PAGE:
European Commission spokeswoman Amelia Torres said the closed-door session with representatives of the 15 EU governments ended around midday.
"The member states have unanimously backed the Commission's draft decision," she said, without elaborating.
The draft ruling could be adopted as early as next week — barring a last-minute settlement.
A Microsoft spokesman in Brussels said earlier that the company's legal team remained in daily contact with the Commission, trying to resolve the long-running case amicably.
Microsoft is seeking to avert a far-reaching order that would not only result in a fine of up to $3 billion, but also force the company to change the way it sells its flagship Windows to computer makers in Europe.
A negative decision would be the biggest setback for Microsoft since a U.S. judge found it guilty of antitrust violations involving Internet browsers in 2000. Microsoft reached a settlement with the Bush administration a year later that allowed it to keep its Internet Explorer in Windows with some conditions.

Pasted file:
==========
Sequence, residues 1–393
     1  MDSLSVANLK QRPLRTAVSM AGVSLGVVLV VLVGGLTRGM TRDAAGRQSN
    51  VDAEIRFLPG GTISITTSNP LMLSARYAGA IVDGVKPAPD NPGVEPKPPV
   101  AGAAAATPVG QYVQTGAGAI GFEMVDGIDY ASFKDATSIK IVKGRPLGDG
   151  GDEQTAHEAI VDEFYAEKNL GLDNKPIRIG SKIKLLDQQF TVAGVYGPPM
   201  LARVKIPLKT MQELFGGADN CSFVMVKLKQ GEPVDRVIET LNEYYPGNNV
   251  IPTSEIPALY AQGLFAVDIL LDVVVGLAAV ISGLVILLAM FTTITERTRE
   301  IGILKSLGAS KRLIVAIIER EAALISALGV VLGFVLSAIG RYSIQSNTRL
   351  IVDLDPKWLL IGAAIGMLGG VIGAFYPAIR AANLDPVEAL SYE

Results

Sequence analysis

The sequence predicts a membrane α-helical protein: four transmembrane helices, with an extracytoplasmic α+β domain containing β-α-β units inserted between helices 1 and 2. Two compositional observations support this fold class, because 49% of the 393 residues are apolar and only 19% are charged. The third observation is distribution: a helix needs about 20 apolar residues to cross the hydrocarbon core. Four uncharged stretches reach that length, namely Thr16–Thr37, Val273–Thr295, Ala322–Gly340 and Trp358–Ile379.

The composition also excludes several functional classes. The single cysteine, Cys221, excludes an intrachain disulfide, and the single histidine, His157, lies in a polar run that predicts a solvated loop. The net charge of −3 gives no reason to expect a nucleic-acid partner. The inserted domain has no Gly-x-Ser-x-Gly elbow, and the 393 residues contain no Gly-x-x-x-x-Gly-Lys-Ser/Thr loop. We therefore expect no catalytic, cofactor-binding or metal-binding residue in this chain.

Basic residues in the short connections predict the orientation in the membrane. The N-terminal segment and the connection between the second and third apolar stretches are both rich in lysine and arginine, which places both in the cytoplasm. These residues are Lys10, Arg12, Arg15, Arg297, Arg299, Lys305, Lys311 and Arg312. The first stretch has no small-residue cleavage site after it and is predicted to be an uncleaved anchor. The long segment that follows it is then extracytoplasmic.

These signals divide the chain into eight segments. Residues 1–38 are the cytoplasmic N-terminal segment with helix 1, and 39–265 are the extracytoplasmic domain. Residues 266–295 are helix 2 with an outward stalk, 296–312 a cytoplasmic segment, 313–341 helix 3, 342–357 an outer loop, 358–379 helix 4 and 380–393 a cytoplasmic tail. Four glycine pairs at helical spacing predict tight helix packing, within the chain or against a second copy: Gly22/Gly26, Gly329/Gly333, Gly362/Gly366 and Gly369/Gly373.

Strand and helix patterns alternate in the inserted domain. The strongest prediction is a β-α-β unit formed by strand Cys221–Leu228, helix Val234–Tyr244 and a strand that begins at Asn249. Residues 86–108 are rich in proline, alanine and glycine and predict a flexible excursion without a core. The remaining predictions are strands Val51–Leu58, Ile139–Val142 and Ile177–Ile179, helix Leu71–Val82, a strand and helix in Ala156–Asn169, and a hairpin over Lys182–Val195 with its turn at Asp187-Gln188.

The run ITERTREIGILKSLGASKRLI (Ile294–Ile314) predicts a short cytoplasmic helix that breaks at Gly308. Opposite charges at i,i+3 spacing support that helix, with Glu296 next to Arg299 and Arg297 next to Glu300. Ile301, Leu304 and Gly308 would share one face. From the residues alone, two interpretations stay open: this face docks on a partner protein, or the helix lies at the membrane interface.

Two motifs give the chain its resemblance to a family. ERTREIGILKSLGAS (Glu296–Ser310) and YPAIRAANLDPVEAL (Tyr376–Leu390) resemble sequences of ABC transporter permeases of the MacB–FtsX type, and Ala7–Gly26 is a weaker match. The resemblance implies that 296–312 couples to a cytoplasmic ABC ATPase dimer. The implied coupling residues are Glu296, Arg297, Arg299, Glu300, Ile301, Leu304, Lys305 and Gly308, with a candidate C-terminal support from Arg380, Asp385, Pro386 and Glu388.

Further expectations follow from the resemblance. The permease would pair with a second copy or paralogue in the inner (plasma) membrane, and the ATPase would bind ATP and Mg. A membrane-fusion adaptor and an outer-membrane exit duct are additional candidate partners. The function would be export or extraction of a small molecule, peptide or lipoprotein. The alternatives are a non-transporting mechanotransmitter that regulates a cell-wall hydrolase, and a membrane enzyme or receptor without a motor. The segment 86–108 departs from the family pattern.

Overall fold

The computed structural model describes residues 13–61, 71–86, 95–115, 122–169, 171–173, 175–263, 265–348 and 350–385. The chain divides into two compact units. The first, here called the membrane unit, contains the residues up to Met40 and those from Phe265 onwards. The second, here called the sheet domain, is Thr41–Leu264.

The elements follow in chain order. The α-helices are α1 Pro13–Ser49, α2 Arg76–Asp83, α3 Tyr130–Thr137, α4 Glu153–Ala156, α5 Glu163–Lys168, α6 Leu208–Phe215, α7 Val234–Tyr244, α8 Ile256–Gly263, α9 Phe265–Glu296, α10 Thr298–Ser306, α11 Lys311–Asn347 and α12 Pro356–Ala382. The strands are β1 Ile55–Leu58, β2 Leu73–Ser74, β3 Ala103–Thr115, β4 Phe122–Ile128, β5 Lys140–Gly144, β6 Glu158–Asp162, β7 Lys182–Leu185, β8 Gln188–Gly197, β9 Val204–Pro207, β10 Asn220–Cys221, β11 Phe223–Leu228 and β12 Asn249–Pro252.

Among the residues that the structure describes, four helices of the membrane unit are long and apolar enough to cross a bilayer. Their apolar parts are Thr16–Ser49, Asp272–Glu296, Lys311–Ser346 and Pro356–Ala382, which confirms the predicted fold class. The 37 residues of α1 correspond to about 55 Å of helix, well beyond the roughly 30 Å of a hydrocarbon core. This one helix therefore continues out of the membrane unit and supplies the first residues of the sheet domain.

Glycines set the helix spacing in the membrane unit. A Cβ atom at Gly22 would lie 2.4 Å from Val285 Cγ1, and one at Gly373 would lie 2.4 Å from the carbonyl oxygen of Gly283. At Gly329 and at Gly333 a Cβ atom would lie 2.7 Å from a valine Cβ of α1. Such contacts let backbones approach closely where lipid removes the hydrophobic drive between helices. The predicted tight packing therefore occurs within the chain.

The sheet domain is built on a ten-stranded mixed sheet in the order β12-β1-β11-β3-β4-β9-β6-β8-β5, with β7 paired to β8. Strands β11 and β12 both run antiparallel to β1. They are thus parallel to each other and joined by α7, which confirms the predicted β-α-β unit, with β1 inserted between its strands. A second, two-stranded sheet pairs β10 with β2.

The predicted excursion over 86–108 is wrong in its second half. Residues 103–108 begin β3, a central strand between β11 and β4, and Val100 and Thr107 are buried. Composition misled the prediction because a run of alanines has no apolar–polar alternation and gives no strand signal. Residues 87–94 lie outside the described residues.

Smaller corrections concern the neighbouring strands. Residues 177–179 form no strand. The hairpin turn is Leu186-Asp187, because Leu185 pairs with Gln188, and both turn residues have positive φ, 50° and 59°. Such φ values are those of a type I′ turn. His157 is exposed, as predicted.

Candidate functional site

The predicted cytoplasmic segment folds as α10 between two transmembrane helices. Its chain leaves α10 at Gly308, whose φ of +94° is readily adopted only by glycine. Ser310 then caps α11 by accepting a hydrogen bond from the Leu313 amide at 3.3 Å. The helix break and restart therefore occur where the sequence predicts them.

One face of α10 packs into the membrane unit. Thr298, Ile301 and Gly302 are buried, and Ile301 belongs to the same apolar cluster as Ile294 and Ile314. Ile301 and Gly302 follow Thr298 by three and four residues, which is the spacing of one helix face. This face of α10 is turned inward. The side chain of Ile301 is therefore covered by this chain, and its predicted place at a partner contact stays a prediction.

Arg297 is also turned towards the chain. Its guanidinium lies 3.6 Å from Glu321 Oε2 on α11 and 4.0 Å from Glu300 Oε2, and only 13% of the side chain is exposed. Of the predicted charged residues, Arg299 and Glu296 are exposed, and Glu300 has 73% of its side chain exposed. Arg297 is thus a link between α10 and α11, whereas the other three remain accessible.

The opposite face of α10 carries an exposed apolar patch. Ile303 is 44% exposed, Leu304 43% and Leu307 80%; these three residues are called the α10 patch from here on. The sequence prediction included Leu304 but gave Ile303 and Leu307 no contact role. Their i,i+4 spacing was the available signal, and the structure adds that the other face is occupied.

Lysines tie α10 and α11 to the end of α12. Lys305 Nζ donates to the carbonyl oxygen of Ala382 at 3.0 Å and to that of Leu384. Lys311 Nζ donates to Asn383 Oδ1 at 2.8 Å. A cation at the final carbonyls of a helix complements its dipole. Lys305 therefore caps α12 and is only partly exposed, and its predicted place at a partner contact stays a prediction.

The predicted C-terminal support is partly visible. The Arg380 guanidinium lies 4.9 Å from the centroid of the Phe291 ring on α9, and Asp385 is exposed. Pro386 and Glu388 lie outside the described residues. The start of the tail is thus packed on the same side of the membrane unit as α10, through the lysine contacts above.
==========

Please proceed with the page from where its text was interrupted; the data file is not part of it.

Sources familiar with the EU case say the draft ruling similarly finds Microsoft abused its monopoly in computer operating software to gain share in markets for digital media players and low-end servers.
The EU wants to force Microsoft to offer computer makers a version of Windows without its own Media Player to give rivals like RealNetworks Inc. a better shot at getting onto consumer desktops. It also would demand Microsoft release more basic code for Windows to improve "interoperability" with competing networking software made by Sun Microsystems and others.
Monday's committee session gave governments a final opportunity to comment on the Commission's draft decision, which was sent to national capitals last month.
The committee reconvenes next Monday to consider the size of the fine against Microsoft, and the Commission is expected to adopt the decision as early as March 24.
Microsoft is expected to ask the European Court of Justice to suspend any negative decision pending appeal, but legal experts say such an injunction is not automatic.
Given the rapidly changing nature of the industry, the Commission is expected to argue its order would be meaningless by the time the appeal is decided, a process that can drag on for years.
By Paul Geitner